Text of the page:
Slick Woods isn't Ugly, You Are

By: Brooklyn White

Last week, crusty, cruel Twitter took a dive and decided to call Slick Woods ugly. Woods is an accomplished model who has worked on multiple campaigns with Rihanna, having established a name for herself in less than 5 years. She blew up after a chance encounter on the streets of Los Angeles turned into the opportunity of a lifetime. The 22-year-old has covered Elle Magazine and worked for Marc Jacobs, but her biggest feat yet was giving birth to her first child nearly two weeks ago. 

After walking in SavagexFenty’s New York Fashion Week show, Woods went into labor and delivered a son. Anyone who has a child knows what contractions feel like, and how it can be difficult to do much of anything while they’re going on. The fact that she was able to not only walk, but walk in heels while serving face, is a testament to her power. 

Shortly after Slick (real name Simone Thompson) dominated headlines for giving life, hurtful tweets regarding her features began to surface. User Boug_Dinero said “Niggas get called ugly on here every single day of the week. Slick Woods is not exempt. She can be confident and all that but she ugly dog. Period.”. Another tweeter, 1DiegoMoney, shared a similar sentiment

Have we forgotten that Slick Woods was the literal definition of beauty earlier this year? Have we also let European beauty standards and their ability to run fashion and beauty slip our minds? It seems like it, so let’s get into the latter. Having big lips and a wide nose, you know, Black features, has been something that has long been a source of discomfort for Black people. We have been fed images of whiteness for so long to the point that we think that anything outside of that is ugly. The self hate is real, and the self haters are broke.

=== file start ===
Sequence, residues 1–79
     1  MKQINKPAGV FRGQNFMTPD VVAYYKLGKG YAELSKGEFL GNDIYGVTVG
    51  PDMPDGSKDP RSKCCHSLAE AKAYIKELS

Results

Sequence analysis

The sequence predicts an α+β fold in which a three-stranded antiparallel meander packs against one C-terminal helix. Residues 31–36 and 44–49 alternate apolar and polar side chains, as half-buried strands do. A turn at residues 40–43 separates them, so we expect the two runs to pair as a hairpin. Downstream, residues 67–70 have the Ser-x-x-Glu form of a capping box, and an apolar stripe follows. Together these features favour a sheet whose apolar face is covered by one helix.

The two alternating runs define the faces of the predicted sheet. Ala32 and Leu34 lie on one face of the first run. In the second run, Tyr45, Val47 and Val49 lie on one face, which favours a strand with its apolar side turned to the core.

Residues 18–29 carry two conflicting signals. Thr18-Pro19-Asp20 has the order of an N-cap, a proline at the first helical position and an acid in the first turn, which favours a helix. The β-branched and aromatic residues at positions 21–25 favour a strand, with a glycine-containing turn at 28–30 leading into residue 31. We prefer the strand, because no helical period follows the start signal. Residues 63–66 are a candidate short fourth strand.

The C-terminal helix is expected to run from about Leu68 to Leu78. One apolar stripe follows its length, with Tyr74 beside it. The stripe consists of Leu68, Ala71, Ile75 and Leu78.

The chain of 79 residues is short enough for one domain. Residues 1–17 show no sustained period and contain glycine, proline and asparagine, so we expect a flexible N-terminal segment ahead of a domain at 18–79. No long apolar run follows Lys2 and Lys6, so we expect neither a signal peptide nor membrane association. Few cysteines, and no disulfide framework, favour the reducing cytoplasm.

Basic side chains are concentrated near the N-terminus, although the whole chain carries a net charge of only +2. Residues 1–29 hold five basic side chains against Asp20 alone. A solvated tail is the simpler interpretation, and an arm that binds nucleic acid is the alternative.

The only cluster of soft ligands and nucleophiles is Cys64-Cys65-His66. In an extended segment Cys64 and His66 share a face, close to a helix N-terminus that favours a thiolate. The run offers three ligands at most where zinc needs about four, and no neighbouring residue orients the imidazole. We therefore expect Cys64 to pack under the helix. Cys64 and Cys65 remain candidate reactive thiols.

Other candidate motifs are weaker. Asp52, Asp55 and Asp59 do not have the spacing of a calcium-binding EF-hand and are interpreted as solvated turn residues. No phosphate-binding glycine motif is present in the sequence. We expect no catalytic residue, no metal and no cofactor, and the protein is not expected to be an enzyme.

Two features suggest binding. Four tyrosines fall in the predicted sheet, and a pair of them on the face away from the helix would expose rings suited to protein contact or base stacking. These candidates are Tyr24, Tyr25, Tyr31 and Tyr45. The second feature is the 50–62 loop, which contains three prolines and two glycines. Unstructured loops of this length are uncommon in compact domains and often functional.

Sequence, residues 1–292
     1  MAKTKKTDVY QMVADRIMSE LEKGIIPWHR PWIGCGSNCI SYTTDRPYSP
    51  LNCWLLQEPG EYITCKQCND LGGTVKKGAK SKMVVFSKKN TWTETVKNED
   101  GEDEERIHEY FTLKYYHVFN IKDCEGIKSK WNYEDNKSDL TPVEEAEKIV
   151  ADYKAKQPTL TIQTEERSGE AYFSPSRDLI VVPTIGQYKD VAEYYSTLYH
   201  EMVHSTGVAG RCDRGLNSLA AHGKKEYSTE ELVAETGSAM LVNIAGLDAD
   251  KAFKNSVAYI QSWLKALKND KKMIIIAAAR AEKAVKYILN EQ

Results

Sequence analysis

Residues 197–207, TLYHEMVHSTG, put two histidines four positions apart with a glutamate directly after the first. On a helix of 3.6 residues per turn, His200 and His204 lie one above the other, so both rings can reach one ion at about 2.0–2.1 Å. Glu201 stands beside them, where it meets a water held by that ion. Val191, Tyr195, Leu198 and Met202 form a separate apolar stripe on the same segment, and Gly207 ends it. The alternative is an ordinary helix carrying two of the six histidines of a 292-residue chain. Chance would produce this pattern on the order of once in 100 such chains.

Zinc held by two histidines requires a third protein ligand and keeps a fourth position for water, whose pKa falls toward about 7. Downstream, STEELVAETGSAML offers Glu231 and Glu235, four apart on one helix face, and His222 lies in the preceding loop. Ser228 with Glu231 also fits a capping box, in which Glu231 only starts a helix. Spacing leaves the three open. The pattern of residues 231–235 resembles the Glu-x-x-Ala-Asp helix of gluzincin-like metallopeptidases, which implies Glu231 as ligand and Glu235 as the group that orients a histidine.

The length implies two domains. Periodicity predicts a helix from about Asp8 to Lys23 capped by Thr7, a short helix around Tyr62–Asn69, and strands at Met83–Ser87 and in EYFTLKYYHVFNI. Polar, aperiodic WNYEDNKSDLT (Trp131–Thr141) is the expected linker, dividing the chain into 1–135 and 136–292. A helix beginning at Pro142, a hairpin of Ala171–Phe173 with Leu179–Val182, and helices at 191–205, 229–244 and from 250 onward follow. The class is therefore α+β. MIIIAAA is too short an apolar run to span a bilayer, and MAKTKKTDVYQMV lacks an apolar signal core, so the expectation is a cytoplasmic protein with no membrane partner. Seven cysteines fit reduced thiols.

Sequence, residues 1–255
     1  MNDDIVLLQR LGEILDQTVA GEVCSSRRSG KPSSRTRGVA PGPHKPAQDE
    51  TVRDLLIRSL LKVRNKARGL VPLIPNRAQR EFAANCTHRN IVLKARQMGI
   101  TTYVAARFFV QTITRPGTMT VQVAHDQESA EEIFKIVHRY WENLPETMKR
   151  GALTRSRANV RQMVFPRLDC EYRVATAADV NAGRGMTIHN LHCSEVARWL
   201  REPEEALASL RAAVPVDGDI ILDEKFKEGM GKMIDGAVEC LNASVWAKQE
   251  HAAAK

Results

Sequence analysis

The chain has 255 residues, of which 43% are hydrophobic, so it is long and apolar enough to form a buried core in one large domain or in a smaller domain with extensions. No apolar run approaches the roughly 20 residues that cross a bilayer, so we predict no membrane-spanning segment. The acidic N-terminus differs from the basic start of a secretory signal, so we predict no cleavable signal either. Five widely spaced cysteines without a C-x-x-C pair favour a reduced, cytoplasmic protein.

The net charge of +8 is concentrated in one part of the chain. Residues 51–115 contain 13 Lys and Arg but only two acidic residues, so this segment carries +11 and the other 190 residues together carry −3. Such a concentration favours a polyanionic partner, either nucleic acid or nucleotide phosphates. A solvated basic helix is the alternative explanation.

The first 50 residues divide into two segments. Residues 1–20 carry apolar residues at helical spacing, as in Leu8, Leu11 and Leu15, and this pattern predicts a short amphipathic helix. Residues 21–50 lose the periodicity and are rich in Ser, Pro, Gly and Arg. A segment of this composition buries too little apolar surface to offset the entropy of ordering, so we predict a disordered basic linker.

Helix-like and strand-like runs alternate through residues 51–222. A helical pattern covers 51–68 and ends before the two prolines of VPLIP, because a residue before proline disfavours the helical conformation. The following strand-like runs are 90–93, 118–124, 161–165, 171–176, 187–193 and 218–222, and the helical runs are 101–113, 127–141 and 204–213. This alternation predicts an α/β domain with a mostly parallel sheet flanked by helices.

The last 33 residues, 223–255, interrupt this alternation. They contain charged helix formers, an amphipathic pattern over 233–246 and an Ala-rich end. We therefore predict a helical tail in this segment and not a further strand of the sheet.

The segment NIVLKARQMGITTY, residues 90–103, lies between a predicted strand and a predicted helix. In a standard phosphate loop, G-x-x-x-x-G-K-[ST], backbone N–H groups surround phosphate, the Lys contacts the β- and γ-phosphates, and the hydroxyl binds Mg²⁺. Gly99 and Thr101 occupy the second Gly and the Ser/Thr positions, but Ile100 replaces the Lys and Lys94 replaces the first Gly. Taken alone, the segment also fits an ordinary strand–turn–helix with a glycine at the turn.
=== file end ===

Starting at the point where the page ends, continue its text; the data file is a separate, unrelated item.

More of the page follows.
To make matters worse, brands and “influencers” are capitalizing off of Black looks, without having to invest in Black people. So essentially, we have been made to feel ugly for hundreds of years, but when non-Black people possess some of the same physical characteristics, they are saluted. It is so very dark. 

Calling Slick Woods ugly, as a Black person, is to play right into the hands of the powers that be, and also make a fool of yourself. Historically, white people have humiliated Black people for their features, and now, Black people are taking a stab at it. Woods’ beauty is unique and inspires me to embrace my own looks that much more. As a mother to a Black daughter, it is important to me that I let her know that she is beautiful, regardless of what white ideals have permeated narratives. Slick Woods changed her own life, influenced countless individuals, and brought a person into this world. That alone is beautiful. 

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